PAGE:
Rheumatoid patients.- The following measure were used to assess the progress of the patients with rheumatoid arthritis: articular index of joint tendeness, morning stiffness (limbering up time), grip strength in each hand, pain as assessed by the visual analogue scale, functional index, and the time taken to walk a measured distance of 50 feet(15.24m). The patients and the physician also made their own assessments of whether or not there had been an improvement. The patients was considered to have improved when both the patient's and the physician's opinion agreed and there was objective supporting evidence.

Patients with osteoarthritis.- The progress of the patients with osteoarthritis was assessed by means of the following measures: degree of morning stiffness (limbering up time), pain as assessed by the visual analogue scale, functional index, time taken to walk 50 feet (15.24m), the range of movements of hip and knee joints, and the patient's and physician's own assessments of improvement. Again improvement was jugged to have occurred when both the patient and the physician agreed and there was objectibe supporting evidence.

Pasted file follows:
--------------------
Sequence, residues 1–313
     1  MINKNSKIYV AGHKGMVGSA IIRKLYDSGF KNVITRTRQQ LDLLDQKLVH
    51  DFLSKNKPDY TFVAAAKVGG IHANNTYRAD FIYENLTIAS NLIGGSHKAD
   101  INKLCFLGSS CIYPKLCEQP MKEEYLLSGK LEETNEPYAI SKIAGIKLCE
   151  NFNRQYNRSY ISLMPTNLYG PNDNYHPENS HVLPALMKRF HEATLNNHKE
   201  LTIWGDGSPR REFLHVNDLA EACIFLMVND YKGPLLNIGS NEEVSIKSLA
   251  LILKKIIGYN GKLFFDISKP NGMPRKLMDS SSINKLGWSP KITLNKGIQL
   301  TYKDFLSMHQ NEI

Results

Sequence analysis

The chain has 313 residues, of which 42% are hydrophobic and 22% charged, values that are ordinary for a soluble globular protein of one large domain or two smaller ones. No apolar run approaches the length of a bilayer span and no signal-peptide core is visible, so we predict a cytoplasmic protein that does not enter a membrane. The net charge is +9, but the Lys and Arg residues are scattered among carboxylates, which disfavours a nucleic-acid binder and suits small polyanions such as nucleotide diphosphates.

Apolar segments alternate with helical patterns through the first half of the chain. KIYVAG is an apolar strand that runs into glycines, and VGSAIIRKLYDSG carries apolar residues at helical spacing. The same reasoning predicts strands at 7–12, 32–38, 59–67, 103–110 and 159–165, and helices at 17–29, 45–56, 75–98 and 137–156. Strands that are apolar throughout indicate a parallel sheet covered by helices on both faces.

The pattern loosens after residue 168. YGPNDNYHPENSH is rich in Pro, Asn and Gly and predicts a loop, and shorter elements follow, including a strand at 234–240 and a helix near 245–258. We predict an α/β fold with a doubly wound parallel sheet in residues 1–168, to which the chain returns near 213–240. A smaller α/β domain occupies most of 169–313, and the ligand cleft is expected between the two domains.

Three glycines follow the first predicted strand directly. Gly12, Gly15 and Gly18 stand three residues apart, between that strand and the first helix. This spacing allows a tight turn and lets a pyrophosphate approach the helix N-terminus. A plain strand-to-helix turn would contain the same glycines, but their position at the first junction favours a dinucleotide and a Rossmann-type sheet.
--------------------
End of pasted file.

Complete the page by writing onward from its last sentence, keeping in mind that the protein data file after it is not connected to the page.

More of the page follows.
Laboratory indices

In the four-year pilot study, haemoglobin, white-cell count, ESR, serum biochemistry, rheumatoid serology and urine analysis were performed at regular intervals. No statistically significant changes were observed in nay of these parameters although haemoglobin levels tended to rise and in one case a positive R3 calue became negative, in view of these largely negative results over four years, laboratory tests were not performed routinely in the six-month trial, although individual tests were done when clinically indicated


The results were analysed by the Wilcoxon matched-pairs signedranks test.